Once an artery is compressed over a pressure point, it must not be compressed for more than 10 minutes: any longer in one go can cause irreversible damage to the limb. Typically pressure would be applied for 10 minutes, then released for a couple, then reapplied and so on.
With poison container in hand, call the local poison control center and do NOT try to make the patient vomit. Only induce vomiting if a poison center worker or a doctor advises you to do so. If the poison is on the skin or clothes, remove the clothing and wash with a large amount of water. If poison gets in the eyes, flush the eyes with clean water for 10 minutes.
Get the victim to a hospital as soon as possible, and if possible, bring the poison container with you.
An essential part of the first-aid treatment is immobilizing the injured part with splints so that the sharp ends of broken bones won’t move around and cause further damage to nerves, blood vessels, or vital organs. Splints are also used to immobilize severely injured joints or muscles and to prevent the enlargement of extensive wounds.
Before you can use a splint, you need to have a general understanding of the use of splints. In an emergency, almost any firm object or material can be used as a splint. Such things as umbrellas, canes, tent pegs, sticks, oars, paddles, spars, wire, leather, boards, pillows, heavy clothing, corrugated cardboard, and folded newspapers can be used as splints. A fractured leg may sometimes be splinted by fastening it securely to the uninjured leg. Splints, whether ready-made or improvised, must meet the following requirements:
- Be light in weight, but still be strong and fairly rigid.
- Be long enough to reach the joints above and below the fracture.
- Be wide enough so the bandages used to hold them in place won’t pinch the injured part.
- Be well padded on the sides that touch the body. If they’re not properly padded, they won’t fit well and won’t adequately immobilize the injured part.
- To improvise the padding for a splint, use articles of clothing, bandages, cotton, blankets, or any other soft material.
- If the victim is wearing heavy clothes, apply the splint on the outside, allowing the clothing to serve as at least part of the required padding.
Although splints should be applied snugly, never apply them tight enough to interfere with the circulation of the blood. When applying splints to an arm or a leg, try to leave the fingers or toes exposed. If the tips of the fingers or toes become blue or cold, you will know that the splints or bandages are too tight. You should examine a splinted part approximately every half-hour, and loosen the fastenings if circulation appears to be cut off. Remember that any injured part is likely to swell, and splints or bandages that are all right when applied may be too tight later.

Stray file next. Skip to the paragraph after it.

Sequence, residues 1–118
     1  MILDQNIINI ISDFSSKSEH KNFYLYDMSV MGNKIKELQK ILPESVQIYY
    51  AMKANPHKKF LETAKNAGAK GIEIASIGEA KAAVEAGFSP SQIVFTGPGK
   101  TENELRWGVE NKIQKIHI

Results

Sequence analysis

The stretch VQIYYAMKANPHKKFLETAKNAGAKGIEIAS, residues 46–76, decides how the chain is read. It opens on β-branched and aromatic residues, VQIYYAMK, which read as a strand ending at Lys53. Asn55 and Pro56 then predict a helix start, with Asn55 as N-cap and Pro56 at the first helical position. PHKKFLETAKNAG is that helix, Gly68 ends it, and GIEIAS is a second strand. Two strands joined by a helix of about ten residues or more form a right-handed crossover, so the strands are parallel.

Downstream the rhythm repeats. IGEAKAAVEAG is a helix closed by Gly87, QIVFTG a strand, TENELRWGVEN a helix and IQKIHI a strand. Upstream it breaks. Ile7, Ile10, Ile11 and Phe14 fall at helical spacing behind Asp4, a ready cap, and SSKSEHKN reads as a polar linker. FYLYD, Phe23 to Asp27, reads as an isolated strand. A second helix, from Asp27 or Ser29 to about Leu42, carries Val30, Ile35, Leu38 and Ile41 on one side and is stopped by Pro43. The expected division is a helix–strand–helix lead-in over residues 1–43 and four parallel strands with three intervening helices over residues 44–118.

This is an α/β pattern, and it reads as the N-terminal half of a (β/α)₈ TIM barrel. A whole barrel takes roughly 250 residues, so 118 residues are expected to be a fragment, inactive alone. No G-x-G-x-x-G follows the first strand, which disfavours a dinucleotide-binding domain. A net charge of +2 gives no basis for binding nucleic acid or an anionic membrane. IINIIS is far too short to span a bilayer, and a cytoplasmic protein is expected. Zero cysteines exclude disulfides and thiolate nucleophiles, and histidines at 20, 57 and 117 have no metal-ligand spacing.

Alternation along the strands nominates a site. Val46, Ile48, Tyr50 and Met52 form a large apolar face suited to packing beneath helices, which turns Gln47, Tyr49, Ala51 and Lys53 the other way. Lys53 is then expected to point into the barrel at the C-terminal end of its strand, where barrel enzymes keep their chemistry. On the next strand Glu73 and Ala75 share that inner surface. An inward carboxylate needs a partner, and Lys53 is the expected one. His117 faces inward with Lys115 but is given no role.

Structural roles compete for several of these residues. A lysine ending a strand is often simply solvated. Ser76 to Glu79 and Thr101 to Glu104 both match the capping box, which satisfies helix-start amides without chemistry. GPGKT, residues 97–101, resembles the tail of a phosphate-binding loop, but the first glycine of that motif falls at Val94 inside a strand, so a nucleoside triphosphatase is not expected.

To secure the limb to the splint, belts, neckerchiefs, rope, or any suitable material may be used. If possible, tie the limb at two places above and two places below the break. Leave the treatment of other types of fractures, such as jaw, ribs, and spine, to medical personnel. Never try to move a person who might have a fractured spine or neck. Moving such a person could cause permanent paralysis. Don’t attempt to reset bones.
There are two long bones in the forearm, the radius and the ulna. When both are broken, the arm usually appears to be deformed. When only one is broken, the other acts as a splint and the arm retains a more or less natural appearance. Any fracture of the forearm is likely to result in pain, tenderness, inability to use the forearm, and a kind of wobbly motion at the point of injury. If the fracture is open, a bone will show through. If the fracture is open, stop the bleeding and treat the wound. Apply a sterile dressing over the wound. Carefully straighten the forearm. (Remember that rough handling of a closed fracture may turn it into an open fracture.) Apply two well-padded splints to the forearm, one on the top and one on the bottom. Be sure that the splints are long enough to extend from the elbow to the wrist. Use bandages to hold the splints in place. Put the forearm across the chest. The palm of the hand should be turned in, with the thumb pointing upward. Support the forearm in this position by means of a wide sling and a cravat bandage (see illustration). The hand should be raised about 4 inches above the level of the elbow. Treat the victim for shock and evacuate as soon as possible.